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I thought this might amuse you. Can you remember when I was having the dickens of a job finding out whether I could send my organic beef and lamb to my son and family in France?

I was sent spinning around every conceivable agency and organisation, embassy and Government department, both English and French; not one, it appeared, had the faintest clue as to any rules or regulations governing the export of meat from the UK to France.

Eventually I was told to contact Eblex (in England) by the French Department of Agriculture (in France). My luck changed as I was recommended to one importantly busy Jean-Pierre Garnier, the font of all knowledge surrounding matters such as the import of meat to the EU from the UK.  Jean-Pierre, jetting to Dubai (he’s very, very busy), was unable to speak to me personally, but his delightful PA contacted him mid-air and within minutes confirmed what she had thought to be the case. You do nothing. That’s right. Nothing. I was given the green light to stuff my case, pockets, shoes and bag with squishy lumps of meat. Or, of course, which was my preferred option, to send over my usual insulated, vac-packed and labelled boxes of the stuff.
“So it’s nothing, then? Rien?” I was slightly sceptical…

The piece I subsequently wrote was picked up and published in the Countryman magazine. Sam, a sheep farmer in the South East, mailed me. He thought it was a bit ironical considering.

“Considering what?”

“Considering the notice Johann Tasker saw a few weeks back.” (Johann Tasker is an editor on the Farmers’ Weekly)

“What notice?”

“The one at Paris Orly Airport.” Sam very kindly forwarded me a photo of said notice.

I was gob-smacked. Truly, yes. My jaw fell open, hit my boots and stayed there.

I just had to get hold of Johann to see if he would mind if I showed it to you. He said “Go ahead” (nice man) “though it’s not tip-top as it was taken on my phone.”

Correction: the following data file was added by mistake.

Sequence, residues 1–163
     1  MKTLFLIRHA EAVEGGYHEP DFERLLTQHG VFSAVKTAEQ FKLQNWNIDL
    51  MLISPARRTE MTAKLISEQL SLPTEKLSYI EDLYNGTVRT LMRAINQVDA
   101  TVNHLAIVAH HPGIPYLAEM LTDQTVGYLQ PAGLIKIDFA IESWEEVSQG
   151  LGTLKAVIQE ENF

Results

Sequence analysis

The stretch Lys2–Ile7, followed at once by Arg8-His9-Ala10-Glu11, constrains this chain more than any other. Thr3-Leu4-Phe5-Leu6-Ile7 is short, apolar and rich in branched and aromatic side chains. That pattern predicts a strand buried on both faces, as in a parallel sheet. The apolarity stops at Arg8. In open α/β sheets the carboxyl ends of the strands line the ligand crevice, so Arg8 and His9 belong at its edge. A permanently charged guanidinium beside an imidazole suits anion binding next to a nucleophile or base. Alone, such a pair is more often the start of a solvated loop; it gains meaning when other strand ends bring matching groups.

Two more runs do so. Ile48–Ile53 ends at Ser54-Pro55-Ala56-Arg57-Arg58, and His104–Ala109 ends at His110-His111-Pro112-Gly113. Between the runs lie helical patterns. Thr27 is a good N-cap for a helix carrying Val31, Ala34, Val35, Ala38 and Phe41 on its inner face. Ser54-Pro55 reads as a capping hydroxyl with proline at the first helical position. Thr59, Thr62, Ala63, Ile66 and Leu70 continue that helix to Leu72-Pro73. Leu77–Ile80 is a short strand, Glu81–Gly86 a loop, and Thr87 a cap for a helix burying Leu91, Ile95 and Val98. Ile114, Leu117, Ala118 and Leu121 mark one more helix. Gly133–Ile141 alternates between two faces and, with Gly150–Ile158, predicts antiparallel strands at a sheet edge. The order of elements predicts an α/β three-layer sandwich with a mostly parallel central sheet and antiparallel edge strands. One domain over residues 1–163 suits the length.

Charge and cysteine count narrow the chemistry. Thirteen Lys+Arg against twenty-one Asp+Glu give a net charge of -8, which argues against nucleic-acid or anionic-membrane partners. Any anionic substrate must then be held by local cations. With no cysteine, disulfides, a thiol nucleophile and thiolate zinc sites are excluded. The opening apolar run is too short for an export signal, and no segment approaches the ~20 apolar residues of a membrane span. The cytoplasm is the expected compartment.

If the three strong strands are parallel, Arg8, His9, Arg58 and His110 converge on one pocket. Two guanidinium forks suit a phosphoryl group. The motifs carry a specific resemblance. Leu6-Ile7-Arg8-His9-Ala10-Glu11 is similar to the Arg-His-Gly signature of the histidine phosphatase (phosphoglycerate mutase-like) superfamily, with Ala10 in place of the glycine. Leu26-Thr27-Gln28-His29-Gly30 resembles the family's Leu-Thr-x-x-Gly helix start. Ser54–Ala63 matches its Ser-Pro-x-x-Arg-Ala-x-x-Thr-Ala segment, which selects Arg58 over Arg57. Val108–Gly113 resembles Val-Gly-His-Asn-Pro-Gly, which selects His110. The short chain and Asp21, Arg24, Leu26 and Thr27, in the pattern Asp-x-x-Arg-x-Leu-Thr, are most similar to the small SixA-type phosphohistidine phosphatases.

So here it is. Squint a bit, improvise. But you’ll get the gist. A Foot and Mouth Disease (FMD) warning notice, prohibiting the import of any meat or dairy products into France from the UK.  And, please, do tell me what you think is going on…!

the notice at Paris Orley Airport taken a few weeks ago by Johann Tasker

the notice at Paris Orly Airport taken a few weeks ago by Johann Tasker

bluetongue’s winter warmer

Now here’s a thing. I had a fit of the giggles. Actually it was probably a touch of mini-hysteria; the uncontrolled, raucous, thigh-slapping, tears-pouring-down-face kind, coloured by total disbelief. Wishful thinking there – what I would hope to be total disbelief.

In this week’s New Scientist under the heading ‘Bluetongue’s Winter Warmer we were told about the distinct possibility of bluetongue virus overwintering in the unborn calf cosseted and protected by the cosy bubble of bovine uterine warmth.

And as those hungry veracious biting midges reappear (the end of the non-vector period was the 15th March) these bonny babies would become a delicious fresh source of the bluetounge virus. Hey-presto! Yup, you have it in one.

Pirbright suggest there should be additional controls targeted at newborn animals. Now, me-wonders, what on earth have they in mind? No vaccine around yet. Could only be one other thing.